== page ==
Pasta in Italy

Hi, Eva here. Today I saw how pasta is made in a factory from scratch.

This is the place...

This is the place… La Pasta dei Martelli.

No, here.  Down the alley.

No, here. Down the alley. Really.

First they grind italian durum wheat and it turns into semolina flour which is mixed with water to make a dough. Then it is taken to a new room and shaped into types of pasta by a big machine. Then it is taken back into the first room and dried for about 50 hours. When you cut it, it goes in a loud machine and is, well… cut.

pasta ingredients

The ingredients.

pasta (3)

They squeeze the paste through a brass plate with holes.

pasta machine

Like this.

pasta (5)

They hang it to dry.


After 50 hours of drying, the pasta is ready to be cut in another machine.

pasta machine (4)

This is Luca, one of the family who owns the factory, and who gave us the tour.

This is how you can tell if its real pasta.  Its bent.

This is how you can tell if its real pasta. Its bent.

For dinner we also had Martelli pasta. So I decided to write the recipe from the bag. (this is exactly what the recipe says).

In saucepan or stockpot, Laura brings water to a rolling boil (at least 6 liters per 500 grams of pasta) and adds sea salt. She then adds the pasta to the boiling water, using a wooden spoon and covers the pot with a lid until the water begins to boil again. She removes the lid and cooks the pasta for about 8 minutes, stirring occasionally to obtain an “al dente “consistency. She then drains the pasta and tosses. When Laura drains her pasta, she keeps a little water in with the pasta. She then adds her sauce to the pasta and serves.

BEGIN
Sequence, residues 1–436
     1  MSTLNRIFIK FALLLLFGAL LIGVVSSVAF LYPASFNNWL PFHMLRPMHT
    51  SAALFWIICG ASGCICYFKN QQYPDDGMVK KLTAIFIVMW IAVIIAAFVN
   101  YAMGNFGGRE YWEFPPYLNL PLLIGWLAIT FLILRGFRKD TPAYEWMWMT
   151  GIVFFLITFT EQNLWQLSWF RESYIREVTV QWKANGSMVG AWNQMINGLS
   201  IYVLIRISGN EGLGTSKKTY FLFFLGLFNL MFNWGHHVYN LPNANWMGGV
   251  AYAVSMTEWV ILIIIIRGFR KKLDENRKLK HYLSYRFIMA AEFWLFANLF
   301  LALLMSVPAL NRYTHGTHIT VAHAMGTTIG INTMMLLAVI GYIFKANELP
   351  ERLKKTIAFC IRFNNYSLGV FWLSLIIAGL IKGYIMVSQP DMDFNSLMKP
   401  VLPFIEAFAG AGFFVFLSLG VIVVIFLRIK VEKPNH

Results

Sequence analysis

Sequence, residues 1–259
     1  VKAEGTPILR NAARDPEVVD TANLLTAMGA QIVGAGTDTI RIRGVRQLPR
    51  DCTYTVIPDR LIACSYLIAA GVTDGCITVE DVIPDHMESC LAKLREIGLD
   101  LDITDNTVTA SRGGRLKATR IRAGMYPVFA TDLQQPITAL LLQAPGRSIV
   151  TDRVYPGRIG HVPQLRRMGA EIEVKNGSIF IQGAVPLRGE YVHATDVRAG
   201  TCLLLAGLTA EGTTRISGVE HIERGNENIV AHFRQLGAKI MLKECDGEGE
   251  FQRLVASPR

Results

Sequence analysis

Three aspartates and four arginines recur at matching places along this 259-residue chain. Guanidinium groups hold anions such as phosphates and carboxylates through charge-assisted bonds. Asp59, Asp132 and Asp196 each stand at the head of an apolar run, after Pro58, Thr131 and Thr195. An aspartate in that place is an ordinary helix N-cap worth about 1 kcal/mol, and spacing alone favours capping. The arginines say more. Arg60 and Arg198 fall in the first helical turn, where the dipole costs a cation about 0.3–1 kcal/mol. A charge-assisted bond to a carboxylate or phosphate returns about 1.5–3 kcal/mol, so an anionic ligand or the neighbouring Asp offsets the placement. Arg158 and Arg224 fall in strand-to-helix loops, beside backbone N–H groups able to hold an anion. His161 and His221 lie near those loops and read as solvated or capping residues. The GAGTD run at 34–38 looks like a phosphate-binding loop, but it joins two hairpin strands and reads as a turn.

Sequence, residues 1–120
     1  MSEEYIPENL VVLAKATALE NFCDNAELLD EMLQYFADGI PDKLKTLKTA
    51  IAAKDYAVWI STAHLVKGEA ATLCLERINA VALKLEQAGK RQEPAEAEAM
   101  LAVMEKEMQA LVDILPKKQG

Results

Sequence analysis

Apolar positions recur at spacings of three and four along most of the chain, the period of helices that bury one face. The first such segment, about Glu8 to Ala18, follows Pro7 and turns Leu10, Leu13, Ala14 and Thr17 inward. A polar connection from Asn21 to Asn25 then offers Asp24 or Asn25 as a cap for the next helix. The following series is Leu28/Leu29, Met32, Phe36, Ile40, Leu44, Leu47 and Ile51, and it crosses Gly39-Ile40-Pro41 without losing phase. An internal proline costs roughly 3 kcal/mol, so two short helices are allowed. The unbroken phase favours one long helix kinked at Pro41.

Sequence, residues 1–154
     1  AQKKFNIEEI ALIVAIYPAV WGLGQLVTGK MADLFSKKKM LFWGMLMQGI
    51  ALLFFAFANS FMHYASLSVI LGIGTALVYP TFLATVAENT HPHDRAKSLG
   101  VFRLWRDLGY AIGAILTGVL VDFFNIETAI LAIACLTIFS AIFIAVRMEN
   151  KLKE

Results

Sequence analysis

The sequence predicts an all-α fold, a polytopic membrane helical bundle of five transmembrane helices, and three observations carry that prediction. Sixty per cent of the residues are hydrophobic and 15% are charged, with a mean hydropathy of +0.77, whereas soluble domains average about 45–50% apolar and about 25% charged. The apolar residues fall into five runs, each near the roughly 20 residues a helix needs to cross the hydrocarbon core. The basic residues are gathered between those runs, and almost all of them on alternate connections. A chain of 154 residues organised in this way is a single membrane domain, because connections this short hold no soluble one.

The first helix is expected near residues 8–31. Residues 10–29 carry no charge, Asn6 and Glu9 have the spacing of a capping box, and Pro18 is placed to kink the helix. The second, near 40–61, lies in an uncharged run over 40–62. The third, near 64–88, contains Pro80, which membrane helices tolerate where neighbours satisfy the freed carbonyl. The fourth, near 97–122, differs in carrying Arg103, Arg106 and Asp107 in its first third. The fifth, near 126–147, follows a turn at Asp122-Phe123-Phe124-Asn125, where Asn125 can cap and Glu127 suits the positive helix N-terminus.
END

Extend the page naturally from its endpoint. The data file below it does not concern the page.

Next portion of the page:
pasta (9)

Yep. It’s good.

P.S.  we also went here…

pasta (8)

8 thoughts on “Pasta in Italy

  1. Merci pour toutes vos bonnes nouvelles variées ! Continuez comme ça ! Très intéressante la fabrication des spaghettis en Italie….attendez celle des chinois ,c est surprenant ! …Amitiés à tous les quatre .Paul et Perrine.

    Envoyé de mon iPad

    Liked by 1 person

  2. I am really enjoying all the postings. It’s like a little morning trip to Europe. If you go to Tuscany, you mus eat some cinghiale with your pasta.

    P.S. I hope you avoided the no-car zone traffic ticket cameras in Pisa. (I didn’t – ouch!)

    Liked by 1 person

    • We actually have been staying at a farmhouse in Tuscany for a little down time. Spent yesterday poking around San Gimignano – it was great. I had heard about the no-car zones in Pisa and so was panicking when I was driving through there. Just checked the map and I think I am OK. Greetings to all!


  3. its cool that your know in greece .I’m saying this cause i don’t know were else to put it but guess you could say that i’m doing well in school but i just wanted to say hi.huges mina

    Liked by 1 person

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